For sports and recreation lovers, Independence Park can’t be beat. Spanning 140 acres southeast of Uptown, the park contains a lake, tennis center, three baseball fields, soccer fields, volleyball courts, playgrounds, and three miles of wooded trails perfect for running or biking. Anglers can fish in the seven-acre lake from the fishing pier or along the shoreline. Families enjoy picnics under shade trees next to the lake or letting kids burn off energy at the innovative playgrounds.

Reedy Creek Park

Name and Location: Reedy Creek Park is located in north Charlotte, just south of University City.

History and Significance: Developed in 1990, Reedy Creek Park transformed 186 acres into diverse recreational facilities with restored wetlands and nature preservation.

What to Expect: Reedy Creek visitors can walk nature trails by ponds/wetlands to spot wildlife, play on recreational fields and courts, bicycle on paved trails, swim in summer, play disc golf, picnic in pavilions, geocache, attend events, and more in this large regional park.

Visitor Information: Reedy Creek facilities are open daily, though hours vary by amenity. The park offers free access, parking, and accessible paths connecting its features like Nature Center, skate park, athletic fields, and playgrounds.

At 189 acres, Reedy Creek Park is Charlotte’s second largest park and considered a “dream park” with numerous amenities meeting diverse interests. Nature lovers enjoy walking among towering trees and forests leading down to a 34 acre lake, as well as a butterfly garden and wildlife observation area for birdwatchers. For recreation, the park offers lighted tennis courts, softball and baseball fields, volleyball courts, horseshoe pits, fishing areas, and a disc golf course. Inside are nature center classrooms and exhibit halls focused on environmental education.

First Ward Park

Name and Location: First Ward Park is an urban park located in uptown Charlotte, North Carolina near Bank of America Stadium and BB&T Ballpark.

History and Significance: Opened in 2013, First Ward Park transformed undeveloped land into green space, reconnecting an area to provide family recreation alongside rail trails and cultural facilities.

What to Expect: Visitors enjoy walking paths, movable tables/chairs, playing fields, outdoor fitness, playground, splash pad, plaza, public art, and partake in free yoga, tai chi, music and seasonal events plus sports entertainment.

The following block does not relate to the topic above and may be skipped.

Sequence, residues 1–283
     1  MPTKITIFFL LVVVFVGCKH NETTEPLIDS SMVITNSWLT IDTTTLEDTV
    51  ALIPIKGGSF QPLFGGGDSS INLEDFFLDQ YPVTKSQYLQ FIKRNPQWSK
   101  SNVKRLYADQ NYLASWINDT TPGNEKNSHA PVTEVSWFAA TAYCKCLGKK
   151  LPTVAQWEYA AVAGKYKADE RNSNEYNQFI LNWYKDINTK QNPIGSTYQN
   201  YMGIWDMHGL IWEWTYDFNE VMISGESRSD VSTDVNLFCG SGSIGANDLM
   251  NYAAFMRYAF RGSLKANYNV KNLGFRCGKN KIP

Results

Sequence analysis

Visitor Information: First Ward Park has free daily dawn to dusk access. Light rail and bus stops border the park. Nearby garage parking serves visitors.

First Ward Park provides a central gathering place in Uptown’s First Ward neighborhood, with fountains, public art installations, performance spaces, gardens, and open greens perfect for relaxing, people watching, and events. Family-friendly features include a playground, sprayground, and small amphitheater that hosts regular family entertainment series. Fitness lovers also utilize the park, which connects to the Little Sugar Creek Greenway allowing people to walk, jog, or bike to other parts of the city.

Marshall Park

Name and Location: Marshall Park is located in the Elizabeth neighborhood of Charlotte, North Carolina.

History and Significance: Dedicated in 1991, Marshall Park transformed an overgrown site into a multi-use recreational park with picnic facilities, trails, and sports amenities as an area gathering place.

What to Expect: Visitors enjoy walking trails, picnic shelters, tennis/basketball courts, softball and open play fields, playground, restrooms and wooded areas in this community park setting. Seasonal cultural events are also hosted.

Visitor Information: Marshall Park offers free access and parking daily 5AM-11PM. It sits just off highway routes for accessible driving access by visitors while open fields invite leisurely wandering.

Situated in the fashionable Dilworth area, the 12 acre Marshall Park charms visitors with gorgeous English gardens showcasing roses, camellias, azaleas, and other stunning florals. The colorful plantings andEuropean fountains create a serene urban retreat. Mature oak trees covered in Spanish moss line the perimeter. The park also preserves history as the site of the 1780 Battle of Charlotte in the Revolutionary War. Today its manicured lawns and benches make an idyllic spot for picnics under the trees.